Penn State came up on the wrong end of a true Big Ten defensive battle with Michigan in Week 11. The loss on Saturday afternoon in Beaver Stadium dropped the Nittany Lions to 8-2 on the year and 5-2 in Big Ten play, all but officially eliminating Penn State from competing for the Big Ten championship. Penn State’s offense continued to come up small against a good defense, and Michigan did its part to take away any opportunities for Penn State.
The final box score was not a pretty one for Penn State, especially on offense. With Michigan taking to the ground to establish control and winning the turnover battle, Penn State knows it has some big areas to improve before challenging for a Big Ten title any time soon.
Here is a look at some of the key stats from Penn State’s 24-15 loss to the Michigan Wolverines in Week 11.
Drew Allar: 10/22, 70 yards, 1 TD, 49 rushing yards, 1 rushing TD
Penn State quarterback Drew Allar is going to receive a decent amount of heat for the lack of offensive production, and some of that will be fair. But he also did not get much help from his receivers. Allar does have to perform better in these types of games if Penn State is going to elevate itself moving forward.
Allar is still just a sophomore and the defense he just faced is the best he has faced so far. It did not go well but how does he use this experience, and the experience at Ohio State, to make things better in the future? That is the key for Allar and this Penn State offense.
Red Zone success
Penn State: 3-for-3, 15 points
Michigan: 2-for-2, 10 points
Penn State scored the first points of the game with a short field goal by Alex Felkins from 20 yards out in the first quarter. At the time, you may have felt like that was a missed opportunity for Penn State. you would have been right. Penn State did score both of its touchdowns in the red zone with all three red zone trips netting points, but settling for a field goal early and getting a late touchdown to dig into a big deficit is a bit of an empty feeling.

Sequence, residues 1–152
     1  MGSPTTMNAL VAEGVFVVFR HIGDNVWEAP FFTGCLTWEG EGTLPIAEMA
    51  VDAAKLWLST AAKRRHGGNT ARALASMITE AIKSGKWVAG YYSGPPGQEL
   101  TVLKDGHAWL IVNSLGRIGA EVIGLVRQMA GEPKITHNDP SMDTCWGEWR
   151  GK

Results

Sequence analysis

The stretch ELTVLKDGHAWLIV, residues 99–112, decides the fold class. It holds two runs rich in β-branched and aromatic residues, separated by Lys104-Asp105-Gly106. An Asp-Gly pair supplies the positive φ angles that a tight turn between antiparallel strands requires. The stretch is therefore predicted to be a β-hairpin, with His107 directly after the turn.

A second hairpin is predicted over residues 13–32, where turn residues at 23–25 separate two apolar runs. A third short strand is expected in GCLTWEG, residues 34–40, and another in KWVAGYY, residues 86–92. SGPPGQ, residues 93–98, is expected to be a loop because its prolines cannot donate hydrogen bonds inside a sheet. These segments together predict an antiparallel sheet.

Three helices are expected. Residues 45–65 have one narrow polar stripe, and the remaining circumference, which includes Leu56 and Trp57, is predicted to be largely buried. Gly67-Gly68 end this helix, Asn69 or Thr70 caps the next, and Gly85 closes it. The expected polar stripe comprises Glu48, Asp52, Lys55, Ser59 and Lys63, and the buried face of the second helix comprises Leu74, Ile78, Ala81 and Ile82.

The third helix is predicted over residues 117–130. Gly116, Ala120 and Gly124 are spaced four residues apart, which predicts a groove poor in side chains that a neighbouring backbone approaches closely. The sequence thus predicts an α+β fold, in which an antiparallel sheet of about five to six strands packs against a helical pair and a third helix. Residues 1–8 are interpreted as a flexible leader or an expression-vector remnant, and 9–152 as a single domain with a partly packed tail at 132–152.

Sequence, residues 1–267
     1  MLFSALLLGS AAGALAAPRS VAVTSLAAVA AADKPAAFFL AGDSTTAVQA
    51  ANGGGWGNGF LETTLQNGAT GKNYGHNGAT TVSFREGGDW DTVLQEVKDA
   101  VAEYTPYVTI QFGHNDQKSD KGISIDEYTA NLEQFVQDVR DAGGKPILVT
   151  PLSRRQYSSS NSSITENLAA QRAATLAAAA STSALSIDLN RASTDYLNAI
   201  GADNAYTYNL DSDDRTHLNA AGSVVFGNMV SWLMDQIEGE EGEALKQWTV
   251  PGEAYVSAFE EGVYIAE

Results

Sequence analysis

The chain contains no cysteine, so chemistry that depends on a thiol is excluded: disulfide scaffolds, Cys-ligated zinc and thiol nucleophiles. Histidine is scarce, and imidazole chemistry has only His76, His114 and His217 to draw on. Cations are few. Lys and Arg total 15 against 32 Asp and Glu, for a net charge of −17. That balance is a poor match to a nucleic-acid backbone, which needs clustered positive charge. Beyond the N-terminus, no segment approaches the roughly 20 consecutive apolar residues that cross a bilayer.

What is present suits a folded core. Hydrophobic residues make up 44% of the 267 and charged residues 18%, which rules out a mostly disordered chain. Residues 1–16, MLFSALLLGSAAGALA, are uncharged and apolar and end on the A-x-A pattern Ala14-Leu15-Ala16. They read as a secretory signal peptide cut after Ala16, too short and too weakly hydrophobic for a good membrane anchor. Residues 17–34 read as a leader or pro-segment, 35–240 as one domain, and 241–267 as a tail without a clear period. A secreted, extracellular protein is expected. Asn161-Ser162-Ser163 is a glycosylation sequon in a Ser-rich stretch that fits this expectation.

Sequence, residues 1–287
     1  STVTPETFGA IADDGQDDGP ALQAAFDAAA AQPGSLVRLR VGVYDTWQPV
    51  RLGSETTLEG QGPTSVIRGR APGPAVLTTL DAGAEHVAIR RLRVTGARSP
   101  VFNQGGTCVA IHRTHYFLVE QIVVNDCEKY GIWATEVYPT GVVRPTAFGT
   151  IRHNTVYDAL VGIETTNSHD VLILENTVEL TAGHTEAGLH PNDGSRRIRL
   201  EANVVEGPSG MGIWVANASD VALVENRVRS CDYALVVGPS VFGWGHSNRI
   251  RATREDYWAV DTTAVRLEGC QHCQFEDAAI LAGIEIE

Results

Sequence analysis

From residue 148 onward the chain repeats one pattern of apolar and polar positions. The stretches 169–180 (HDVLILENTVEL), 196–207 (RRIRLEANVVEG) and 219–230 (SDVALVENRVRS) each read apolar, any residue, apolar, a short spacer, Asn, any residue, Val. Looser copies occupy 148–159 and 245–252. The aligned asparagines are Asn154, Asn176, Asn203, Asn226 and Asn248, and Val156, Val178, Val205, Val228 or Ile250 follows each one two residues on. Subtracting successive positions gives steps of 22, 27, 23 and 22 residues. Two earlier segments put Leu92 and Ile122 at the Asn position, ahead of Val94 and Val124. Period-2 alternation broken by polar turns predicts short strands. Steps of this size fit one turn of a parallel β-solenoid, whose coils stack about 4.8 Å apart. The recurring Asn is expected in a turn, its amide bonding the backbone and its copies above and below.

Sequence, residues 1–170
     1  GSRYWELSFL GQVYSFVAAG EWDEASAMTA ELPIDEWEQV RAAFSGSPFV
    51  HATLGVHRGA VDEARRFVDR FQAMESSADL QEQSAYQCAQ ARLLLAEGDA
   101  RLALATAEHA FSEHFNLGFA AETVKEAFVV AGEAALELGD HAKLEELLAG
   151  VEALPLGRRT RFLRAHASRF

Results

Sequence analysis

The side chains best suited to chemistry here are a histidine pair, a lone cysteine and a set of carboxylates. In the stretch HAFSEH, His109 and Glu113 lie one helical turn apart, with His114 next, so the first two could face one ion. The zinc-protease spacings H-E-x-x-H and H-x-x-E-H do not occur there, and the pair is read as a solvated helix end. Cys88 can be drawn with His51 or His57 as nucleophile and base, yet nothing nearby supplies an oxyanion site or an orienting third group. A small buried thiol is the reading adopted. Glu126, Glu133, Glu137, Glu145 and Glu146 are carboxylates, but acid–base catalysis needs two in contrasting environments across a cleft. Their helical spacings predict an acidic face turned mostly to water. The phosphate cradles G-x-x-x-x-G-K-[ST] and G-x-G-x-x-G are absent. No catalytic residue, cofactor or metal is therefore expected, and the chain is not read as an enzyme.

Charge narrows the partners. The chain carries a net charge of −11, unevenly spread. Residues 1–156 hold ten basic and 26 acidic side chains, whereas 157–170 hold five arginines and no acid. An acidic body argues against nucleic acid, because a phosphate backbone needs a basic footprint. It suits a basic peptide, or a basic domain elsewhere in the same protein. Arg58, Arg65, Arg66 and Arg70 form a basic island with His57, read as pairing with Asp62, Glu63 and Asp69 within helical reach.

Michigan actually scored two touchdowns from outside the red zone, and was also forced to settle for a field goal at a critical point in the game.
Michigan used the ground game to perfection
Michigan didn't complete a pass after halftime but outscored Penn State, 10-6. https://t.co/QAZn2HPXC0
— Tyler Donohue (@TDsTake) November 11, 2023
This is hard to do, even in a defensive game such as this. Michigan quarterback completed 7 of 8 pass attempts in the first half for 60 yards, and the running back duo of Blake Corum and Donovan Edwards pretty much took it from there.
29 yards: Penn State receivers combined receiving total
Penn State only had 74 passing yards in the entire game, but the wide receivers accounted for just 29 of those yards. Kaden Saunders had one catch for 13 yards, although it came in a clutch moment on fourth down to keep a drive alive). Dante Cephas had 2 catches for 11 yards. KeAndre Lambert-Smith was limited to just 1 catch for 6 yards. Malick Meiga caught one pass but actually lost a yard on the play.
Penn State’s wide receiver concerns have plagued them all season long, and it hurt them in a big way against a team as talented as Michigan.
Kevin Winston Jr.: 12 tackles, 5 solo, 0.5 TFL
Penn State got a busy day from Kevin Winston Jr., who led the Nittany Lions with 12 tackles. The 12 total tackles is a season-high for Winston, as are the 7 assists he recorded in the game,
1 - Sacks by Penn State's defense
Michigan took away opportunities to bring down quarterback J.J. McCarthy thanks to its running game taking over, but the Nittany Lions recorded just one sack in the game. The return of Chop Robinson didn’t help against this Michigan offensive line, although the Nittany Lions did end the game with 7 TFL.
Points off turnover margin: -3 for Penn State
Penn State quarterback Drew Allar lost a fumble on what was looking to be a pretty promising drive to start the second half. It resulted in a short field goal by Michigan in the third quarter to go up 17-9, but it also ran off just over 8 minutes of game clock. In a defensive game like this, that proved to be critical.
Penn Stae’s defense was unable to recover a fumble by Blake Corum and ended the game without a forced turnover to create any opportunities for its offense.